I think time is all the hedge you need until time stops being such an excellent hedge. That is when I plan to start heavily investing in bonds.
Well... does your ability to take on risk suddenly fall off a cliff at 10 years before retirement? Or does it slowly increase over time as your time horizon decreases, as you approach the time that you'll actually need the money?

Or, here's another way of looking at it. The reason you want to switch to a bond mix (let's call it 60/40) ten years before retirement is to blunt the risk of a massive loss right before retirement, when you'll need the money. But what if that massive loss happens right before your planned switch to the 60/40 bond mix? Your ability to make up the loss will be severely curtailed by the switch in asset allocation, with all those bonds in your portfolio. Of course, this isn't as disastrous as a massive loss just before retirement. But it's still really bad. So maybe you should hedge that by switching to, say, a 70/30 bond mix a few years before your planned 60/40 switch. But wait! What if a market crash happens right before your planned 70/30 switch? Well, again, not nearly as bad as the crash before retirement or the crash before the 60/40 switch, but still kind of bad. Maybe you should hedge it by switching to 80/20 a few years before the 70/30 switch. You see where this is going. Suddenly we've arrived at the standard, mainstream notion of slowly increasing your allocation to bonds as you get closer to retirement.

Now, it's important to be aware of the costs as well as the benefits. By slowly allocating to bonds, you are also slowly reducing the expected return of your portfolio. But what that buys you is a slow decrease in variance over time. An increased ability to withstand downturns, that goes up in tandem with your vulnerability to downturns.

Pie, I'm not going to tell you that you personally have to allocate to bonds. You're clearly comfortable with a high level of risk. But this is the argument for it: over time, your ability to withstand risk goes down. It's prudent to lower your risk as your ability to withstand it decreases.

And I'm very uncomfortable with advising people in this thread to not invest in bonds at all. Sure, that's a thing you can do if you can deal with the risks due to a high income or not caring or maybe needing to take higher risks in order to get your portfolio to where you want it... but it's not for everyone. Most people will find that a stock/bond portfolio, with the allocation to bonds increasing over time, works better for them as far as risk/return go.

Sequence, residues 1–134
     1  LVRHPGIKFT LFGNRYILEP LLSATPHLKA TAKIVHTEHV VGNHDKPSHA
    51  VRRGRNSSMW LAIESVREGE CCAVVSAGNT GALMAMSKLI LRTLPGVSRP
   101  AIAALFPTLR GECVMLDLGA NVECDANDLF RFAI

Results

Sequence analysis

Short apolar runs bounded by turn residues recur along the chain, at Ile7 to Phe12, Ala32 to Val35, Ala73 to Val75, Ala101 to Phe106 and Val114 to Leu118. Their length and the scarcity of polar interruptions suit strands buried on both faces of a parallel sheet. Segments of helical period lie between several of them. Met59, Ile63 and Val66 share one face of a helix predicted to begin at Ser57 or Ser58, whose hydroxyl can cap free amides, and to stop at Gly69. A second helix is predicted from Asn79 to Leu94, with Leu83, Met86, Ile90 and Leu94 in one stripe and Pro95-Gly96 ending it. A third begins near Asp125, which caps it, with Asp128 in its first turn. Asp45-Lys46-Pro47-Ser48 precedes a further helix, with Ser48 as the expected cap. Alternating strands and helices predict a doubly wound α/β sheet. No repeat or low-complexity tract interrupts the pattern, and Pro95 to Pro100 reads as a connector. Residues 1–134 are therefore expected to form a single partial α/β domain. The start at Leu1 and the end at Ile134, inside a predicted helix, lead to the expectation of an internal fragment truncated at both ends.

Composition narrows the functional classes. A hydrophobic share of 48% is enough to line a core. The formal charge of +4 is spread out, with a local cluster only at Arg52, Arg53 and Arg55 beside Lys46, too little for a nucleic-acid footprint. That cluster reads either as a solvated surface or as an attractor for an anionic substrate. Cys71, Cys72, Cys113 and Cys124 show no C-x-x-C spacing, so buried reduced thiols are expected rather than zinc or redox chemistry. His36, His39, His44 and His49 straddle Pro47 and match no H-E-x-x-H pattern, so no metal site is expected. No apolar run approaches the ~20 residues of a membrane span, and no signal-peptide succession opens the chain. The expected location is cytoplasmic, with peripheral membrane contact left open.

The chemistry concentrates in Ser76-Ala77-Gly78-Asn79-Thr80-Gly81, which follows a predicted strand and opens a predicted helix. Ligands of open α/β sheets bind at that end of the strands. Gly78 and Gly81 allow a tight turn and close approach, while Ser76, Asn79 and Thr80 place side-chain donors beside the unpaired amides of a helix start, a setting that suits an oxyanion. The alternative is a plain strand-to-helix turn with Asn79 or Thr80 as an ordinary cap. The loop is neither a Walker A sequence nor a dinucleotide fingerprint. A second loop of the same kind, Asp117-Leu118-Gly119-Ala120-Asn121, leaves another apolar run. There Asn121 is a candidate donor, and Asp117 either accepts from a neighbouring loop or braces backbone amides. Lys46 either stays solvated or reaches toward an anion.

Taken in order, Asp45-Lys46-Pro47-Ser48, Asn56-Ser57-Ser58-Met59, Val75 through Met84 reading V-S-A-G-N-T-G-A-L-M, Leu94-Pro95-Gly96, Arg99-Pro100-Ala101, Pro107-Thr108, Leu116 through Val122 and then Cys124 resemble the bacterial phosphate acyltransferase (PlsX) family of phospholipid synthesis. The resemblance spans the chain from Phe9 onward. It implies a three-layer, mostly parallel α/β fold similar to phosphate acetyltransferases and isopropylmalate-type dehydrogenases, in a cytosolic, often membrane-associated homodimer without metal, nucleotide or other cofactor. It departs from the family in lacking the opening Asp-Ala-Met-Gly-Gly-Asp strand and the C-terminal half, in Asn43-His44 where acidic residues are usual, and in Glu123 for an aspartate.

Originally Posted by dbztrk

Thanks. I've done an 80/20 split between CREF stock and real estate. Maybe at some point i'll be able to work up the nerve and do 100% CREF stock.
If someone advises you to take more risk than you're comfortable with, and all they know about you is your age and that you're somewhat risk-averse, you should feel free to ignore their advice. I say this not to belittle the people giving the advice, who I'm sure are well-meaning and are trying to help, but to point out that the advice can't possibly be based on your personal situation.

It's not even conventional wisdom or a standard piece of advice. I don't know why so many of the posters here are highly aggressive investors, but the typical rules of thumb are far more conservative than "100% stocks until age 50." The old, common rule of thumb as far as asset allocation was to allocate your age % in bonds, and the rest in stocks (e.g. at age 30 you're 30% in bonds and 70% in stocks). This has the benefit of being straightforward and simple, and of automatically increasing your bond allocation as you age. Many in the investment world now consider this allocation to be too conservative, given that life expectancy is higher than it used to be and will probably continue to rise. Some advisors offer "your age minus 10%" or "your age minus 20%" as new rules of thumb (e.g. at age 30 you're 20% bonds, 80% stocks for the former, or 10%/90% for the latter). Though again, remember that these are generic rules of thumb and may not be appropriate for you.

After my first paragraph above, it'd be pretty hypocritical of me to give you specific advice, but what the hell: based on my vast knowledge of your personal situation I think you're probably better off with a more conservative approach.
 
OP
OP
TheTrinity
Oct 25, 2017
245
#4
Y2KEV’S POST

Originally Posted by Piecake

Moreover, holding a 80/20 allocation - meaning that you will be buying stock on a market crash - will, generally, get you less of a return that a 100% stock portfolio because that 20% bond was and is a drag on your theoretical return.
No, I'm not suggesting it won't reduce your overall return in any given year. It obviously will. But it won't materially reduce your return and over the long haul it will reduce the number of years you take a loss on your portfolio as well as blunt losses in years you do take a loss.

Please see this research:
https://personal.vanguard.com/us/ins...io-allocations

.6% incremental return is not worth the risk.
 
Oct 25, 2017
3,768
#7
Thanks for making this. I wanted to make it if Pie didn't come over but the loss of OT hurt my chances of getting all that information together.

I hope Randolph comes over.
 
OP
OP
TheTrinity
Oct 25, 2017
245
#8
Yeah, I've been PM'ing him on Gaf but now the registration seems to be closed and he's asking about some secret code? Anywho.
 
Oct 25, 2017
68
#9